How does a Court determine if a geographic restriction for the child’s primary residence should be put in place, and if so, the area of that geographic restriction?
In Texas, the Court’s power to determine geographic restrictions comes from Texas Family Code sections 153.134(b)(1)(A) and (B). The first section allows the Court to establish a geographic area for the child’s primary residence while the second, (B), allows the Court to specify that the conservator with the right to determine the primary residence of the child has no geographic restrictions in making that decision.
The Court, in making this decision, then looks to the public policy of the State of Texas and the best interest of the child as laid out in Texas Family Code sections 153.001(a) and 153.002.
153.001: Public Policy
(a) The public policy of this state is to:
(1) assure that children will have frequent and continuing contact with parents who have shown the ability to act in the best interest of the child;
(2) provide a safe, stable and nonviolent environment for the child; and
(3) encourage parents to share in the rights and duties of raising their child after the parents have separated or dissolved their marriage.
153.002: Best Interest of Child
The best interest of the child shall always be the primary consideration of the court in determining the issues of conservatorship and possession of and access to the child.
As you can see, there is not a lot of guidance. Fortunately, two cases lay out the factors to consider.
For the best interest of the child, we look to Holley v. Adams, 544 S.W.2d 367 (Tex. 1976). While an older case, it is still continuously cited and is still considered good case law. In fact, when searched on LexisNexis on January 6, 2012, Holley was cited 963 times.
Those factors are:
- the desires of the child;
- the emotional and physical needs of the child now and in the future;
- the emotional and physical danger to the child now and in the future;
- the parental abilities of the individuals seeking custody;
- the programs available to assist these individuals to promote the best interest of the child;
- the plans for the child by these individuals or by the agency seeking custody;
- the stability of the home or proposed placement;
- the acts or omissions of the parent which may indicate that the existing parent-child relationship is not a roper one; and
- any excuse for the acts or omissions of the parent.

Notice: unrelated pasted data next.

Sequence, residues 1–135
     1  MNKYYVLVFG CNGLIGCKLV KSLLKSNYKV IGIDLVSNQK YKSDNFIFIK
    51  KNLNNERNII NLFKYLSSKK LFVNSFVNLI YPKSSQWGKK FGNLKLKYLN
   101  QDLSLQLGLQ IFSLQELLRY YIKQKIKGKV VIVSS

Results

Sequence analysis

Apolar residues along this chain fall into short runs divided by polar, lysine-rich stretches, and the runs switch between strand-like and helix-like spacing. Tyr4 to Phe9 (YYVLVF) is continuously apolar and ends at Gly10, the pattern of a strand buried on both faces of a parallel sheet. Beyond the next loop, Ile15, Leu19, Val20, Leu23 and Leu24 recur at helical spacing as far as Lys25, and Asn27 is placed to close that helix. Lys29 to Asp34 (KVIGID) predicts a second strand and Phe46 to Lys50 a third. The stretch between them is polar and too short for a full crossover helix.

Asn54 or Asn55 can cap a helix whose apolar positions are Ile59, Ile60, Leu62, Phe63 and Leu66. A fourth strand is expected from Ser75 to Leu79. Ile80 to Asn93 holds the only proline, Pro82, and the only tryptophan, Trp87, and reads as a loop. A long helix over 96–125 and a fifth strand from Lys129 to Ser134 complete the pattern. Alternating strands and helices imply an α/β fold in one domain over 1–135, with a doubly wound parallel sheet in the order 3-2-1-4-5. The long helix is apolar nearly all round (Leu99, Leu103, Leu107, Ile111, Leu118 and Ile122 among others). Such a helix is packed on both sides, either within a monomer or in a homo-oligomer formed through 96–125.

This listing is by no means exhaustive, but does indicate a number of considerations which either have been or would appear to be pertinent. Holley v. Adams, 544 S.W.2d 367, 372 (Tex. 1976).
For factors to consider in the relocation context, we look to Lenz v. Lenz, 79 S.W.3d 10 (Tex. 2002). In Lenz, the Texas Supreme Court dealt with two German citizens and their children. One parent wanted to move back to Germany. The Texas Supreme Court stressed that old standards of relocation which place a burden on the parent choosing to move may not be feasible or appropriate in our society today, since there is “[i]ncreasing geographic mobility and the availability of easier, faster and cheaper communication.” The Court then looked at other states to discuss factors now deemed more relevant in today’s society. Those factors are:
- reasons for or against the move;
- comparison of health, education and liesure opportunities;
- whether special needs and talents of the children can be accommodated;
- the effect on extended family relationships;
- the effect on visitation and communication with the non-custodial parent to maintain a full and continuous relationship with the child; and
- whether the non-custodial parent has resources to relocate.
Echols v. Olivarez:
Another case sometimes referenced is Echols v. Olivarez, 85 S.W.3d 475 (Tex. App.– Austin, 2002). Echols takes some of the language of Lenz and expands on it so that the “context of the custodial parent’s happiness” should be a factor as well. The idea is the custodial parent’s happiness can influence the child’s happiness. Since the Texas Supreme Court in Lenz left the list of factors open, this seems a legitimate factor to consider in the relocation context, though the weight that should be assigned this factor is certainly not determinative of the relocation issue. Later cases cite this factor and the current attitudes on this in the scientific community as evidenced by expert testimony at the trial court level. However, that will need to be another post.